I have already suggested that the doctrine of the Trinity can help us to understand and evaluate the nature of the relationships among bodies, including relationships that involve sexual desire. And as far as I can see, there is nothing in trinitarian doctrine that has a word to say, in any prima facie sense, against monogamous gay or lesbian relationships. In such relationships, mutual participation is clearly possible, just as it is in opposite-sex relationships. The same-sex partner is still an "other," and fully capable of embodying the trinitarian virtue of particularity. The doctrine of the Trinity does not seem to address anatomical features of the desired body; God manifests yearning, desire, and love for the otherness of the other, but this is not limited to—nor does it necessarily even involve—questions of sexual difference.

What is striking here is the absence of close attention to the very biblical narratives out of which trinitarian theology emerges. If the doctrine of the Trinity has a prima facie connection with creation, which in terms of the Christian tradition is impossible to deny, and if redemption involves, as Oliver O'Donovan argues, the reaffirmation of creation, then the Trinity has much to say about sexual and gender differences and about marriage and relationships.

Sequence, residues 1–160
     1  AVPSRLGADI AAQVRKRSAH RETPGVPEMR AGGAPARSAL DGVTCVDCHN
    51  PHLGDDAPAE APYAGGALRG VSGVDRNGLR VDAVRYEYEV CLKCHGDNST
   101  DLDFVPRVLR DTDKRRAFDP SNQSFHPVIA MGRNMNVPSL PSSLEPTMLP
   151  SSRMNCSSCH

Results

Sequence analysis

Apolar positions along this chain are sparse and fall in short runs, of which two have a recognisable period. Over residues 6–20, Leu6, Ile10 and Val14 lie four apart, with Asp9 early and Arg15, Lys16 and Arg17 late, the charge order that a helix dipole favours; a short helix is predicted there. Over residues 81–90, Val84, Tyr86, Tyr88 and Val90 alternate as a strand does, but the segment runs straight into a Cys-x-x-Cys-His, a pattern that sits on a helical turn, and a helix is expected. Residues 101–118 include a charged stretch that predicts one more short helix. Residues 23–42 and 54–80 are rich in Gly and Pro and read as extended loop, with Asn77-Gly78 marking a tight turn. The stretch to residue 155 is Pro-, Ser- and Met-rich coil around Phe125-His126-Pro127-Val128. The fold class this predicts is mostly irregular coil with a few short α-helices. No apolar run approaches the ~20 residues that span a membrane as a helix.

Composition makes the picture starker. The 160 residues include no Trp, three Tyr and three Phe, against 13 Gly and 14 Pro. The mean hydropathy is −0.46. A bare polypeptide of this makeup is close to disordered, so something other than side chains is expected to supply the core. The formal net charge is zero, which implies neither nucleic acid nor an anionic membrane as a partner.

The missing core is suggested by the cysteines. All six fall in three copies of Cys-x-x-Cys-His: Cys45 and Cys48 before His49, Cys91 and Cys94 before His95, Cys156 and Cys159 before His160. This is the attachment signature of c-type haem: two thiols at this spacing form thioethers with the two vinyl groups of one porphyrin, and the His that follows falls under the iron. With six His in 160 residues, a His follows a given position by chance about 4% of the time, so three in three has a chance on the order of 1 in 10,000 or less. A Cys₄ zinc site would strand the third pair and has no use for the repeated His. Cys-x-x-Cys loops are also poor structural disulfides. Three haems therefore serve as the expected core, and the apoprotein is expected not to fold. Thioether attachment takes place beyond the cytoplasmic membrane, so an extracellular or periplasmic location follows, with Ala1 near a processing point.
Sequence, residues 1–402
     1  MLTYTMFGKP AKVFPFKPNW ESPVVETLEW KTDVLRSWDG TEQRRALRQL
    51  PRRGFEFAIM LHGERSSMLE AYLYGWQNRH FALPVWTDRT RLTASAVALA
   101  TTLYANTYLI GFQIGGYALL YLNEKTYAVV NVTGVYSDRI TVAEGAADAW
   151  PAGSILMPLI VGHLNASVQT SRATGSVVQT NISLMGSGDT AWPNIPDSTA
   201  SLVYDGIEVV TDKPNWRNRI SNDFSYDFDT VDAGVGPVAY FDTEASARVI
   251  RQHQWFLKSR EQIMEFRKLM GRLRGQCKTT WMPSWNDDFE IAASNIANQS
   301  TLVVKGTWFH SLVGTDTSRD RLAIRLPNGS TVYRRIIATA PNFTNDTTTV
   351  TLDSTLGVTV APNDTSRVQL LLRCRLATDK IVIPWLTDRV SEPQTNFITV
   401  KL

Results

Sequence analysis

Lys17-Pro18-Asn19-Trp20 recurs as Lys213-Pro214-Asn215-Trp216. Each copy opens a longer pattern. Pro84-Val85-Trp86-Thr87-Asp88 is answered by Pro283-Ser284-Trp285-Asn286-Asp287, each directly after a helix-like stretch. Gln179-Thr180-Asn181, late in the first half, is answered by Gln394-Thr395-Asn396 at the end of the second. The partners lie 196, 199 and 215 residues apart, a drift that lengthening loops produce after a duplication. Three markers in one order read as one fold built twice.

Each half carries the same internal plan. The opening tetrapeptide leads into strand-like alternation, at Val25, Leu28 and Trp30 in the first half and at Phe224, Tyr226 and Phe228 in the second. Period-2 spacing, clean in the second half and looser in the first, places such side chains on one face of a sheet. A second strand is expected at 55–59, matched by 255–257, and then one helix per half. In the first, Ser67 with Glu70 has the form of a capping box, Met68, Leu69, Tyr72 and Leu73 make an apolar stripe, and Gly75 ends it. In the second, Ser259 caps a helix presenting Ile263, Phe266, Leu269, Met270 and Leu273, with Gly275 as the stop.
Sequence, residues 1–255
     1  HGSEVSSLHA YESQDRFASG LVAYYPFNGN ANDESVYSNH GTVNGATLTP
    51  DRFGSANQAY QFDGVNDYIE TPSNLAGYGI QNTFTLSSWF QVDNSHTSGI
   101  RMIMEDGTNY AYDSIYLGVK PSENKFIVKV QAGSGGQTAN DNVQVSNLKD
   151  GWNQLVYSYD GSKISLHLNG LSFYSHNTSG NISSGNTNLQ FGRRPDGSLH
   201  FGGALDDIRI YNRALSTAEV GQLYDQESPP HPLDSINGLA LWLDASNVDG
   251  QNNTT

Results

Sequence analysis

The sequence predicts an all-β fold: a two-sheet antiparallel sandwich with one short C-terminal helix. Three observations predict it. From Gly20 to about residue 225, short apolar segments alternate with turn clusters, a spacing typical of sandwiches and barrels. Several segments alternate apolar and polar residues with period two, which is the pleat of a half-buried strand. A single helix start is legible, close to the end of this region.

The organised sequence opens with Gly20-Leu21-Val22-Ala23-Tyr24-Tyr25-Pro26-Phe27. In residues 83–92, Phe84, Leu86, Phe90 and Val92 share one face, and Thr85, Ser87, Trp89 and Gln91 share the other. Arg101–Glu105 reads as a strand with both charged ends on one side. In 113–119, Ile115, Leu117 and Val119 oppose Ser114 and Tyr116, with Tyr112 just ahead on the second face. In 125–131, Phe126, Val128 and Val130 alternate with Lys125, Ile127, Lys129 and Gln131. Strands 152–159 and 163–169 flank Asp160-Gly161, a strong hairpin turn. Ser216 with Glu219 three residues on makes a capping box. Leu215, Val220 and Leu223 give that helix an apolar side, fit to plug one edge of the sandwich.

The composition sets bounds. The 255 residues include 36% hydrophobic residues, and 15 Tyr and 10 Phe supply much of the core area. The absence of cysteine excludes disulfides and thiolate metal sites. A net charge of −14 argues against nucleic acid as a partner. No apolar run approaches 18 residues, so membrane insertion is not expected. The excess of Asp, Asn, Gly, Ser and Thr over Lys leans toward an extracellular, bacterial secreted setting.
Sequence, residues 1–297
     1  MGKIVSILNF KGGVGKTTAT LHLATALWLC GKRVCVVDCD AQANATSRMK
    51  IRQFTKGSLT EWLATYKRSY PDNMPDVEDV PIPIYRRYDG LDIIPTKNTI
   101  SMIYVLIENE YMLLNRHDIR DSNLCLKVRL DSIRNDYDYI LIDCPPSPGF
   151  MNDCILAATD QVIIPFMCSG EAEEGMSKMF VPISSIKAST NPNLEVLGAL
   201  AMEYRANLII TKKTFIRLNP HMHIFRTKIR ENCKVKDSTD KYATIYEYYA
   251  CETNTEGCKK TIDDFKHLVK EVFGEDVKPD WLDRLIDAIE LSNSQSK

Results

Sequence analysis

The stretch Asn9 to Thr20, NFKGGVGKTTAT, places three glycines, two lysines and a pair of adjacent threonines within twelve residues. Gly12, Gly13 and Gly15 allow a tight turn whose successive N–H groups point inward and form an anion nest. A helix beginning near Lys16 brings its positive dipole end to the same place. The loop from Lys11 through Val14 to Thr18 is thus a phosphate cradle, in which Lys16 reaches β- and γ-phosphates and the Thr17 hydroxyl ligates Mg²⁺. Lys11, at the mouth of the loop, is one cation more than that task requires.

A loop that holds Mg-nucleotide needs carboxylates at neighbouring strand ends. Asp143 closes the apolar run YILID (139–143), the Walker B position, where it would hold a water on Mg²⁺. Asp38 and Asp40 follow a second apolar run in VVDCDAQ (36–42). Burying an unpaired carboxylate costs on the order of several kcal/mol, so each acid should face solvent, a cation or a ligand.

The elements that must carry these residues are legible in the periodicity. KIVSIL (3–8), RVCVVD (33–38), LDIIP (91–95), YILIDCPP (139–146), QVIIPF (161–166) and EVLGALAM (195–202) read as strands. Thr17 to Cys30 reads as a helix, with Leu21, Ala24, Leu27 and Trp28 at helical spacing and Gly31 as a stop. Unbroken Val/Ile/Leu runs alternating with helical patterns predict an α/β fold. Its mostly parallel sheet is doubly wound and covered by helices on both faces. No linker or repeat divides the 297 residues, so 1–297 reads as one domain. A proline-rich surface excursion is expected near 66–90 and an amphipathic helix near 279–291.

This is not to suggest that the hermeneutics of same-sex desire are necessarily simple, but it is to insist that a trinitarian theology cannot become an excuse for bypassing Scripture. Rather, a healthy trinitarian hermeneutic will lead us more deeply into the Old Testament rather than away from it. Calvin is alert to this when he says of his Institutes: "It has been my purpose in this labor to prepare and instruct candidates in sacred theology for the reading of the divine Word, in order that they may be able both to have easy access to it and to advance in it without stumbling." As we have noted above, the doctrine of the Trinity implies an acceptance of the Scriptures as an authoritative rendering of Jesus Christ, so that a trinitarian hermeneutic should always lead us deeply into Scripture.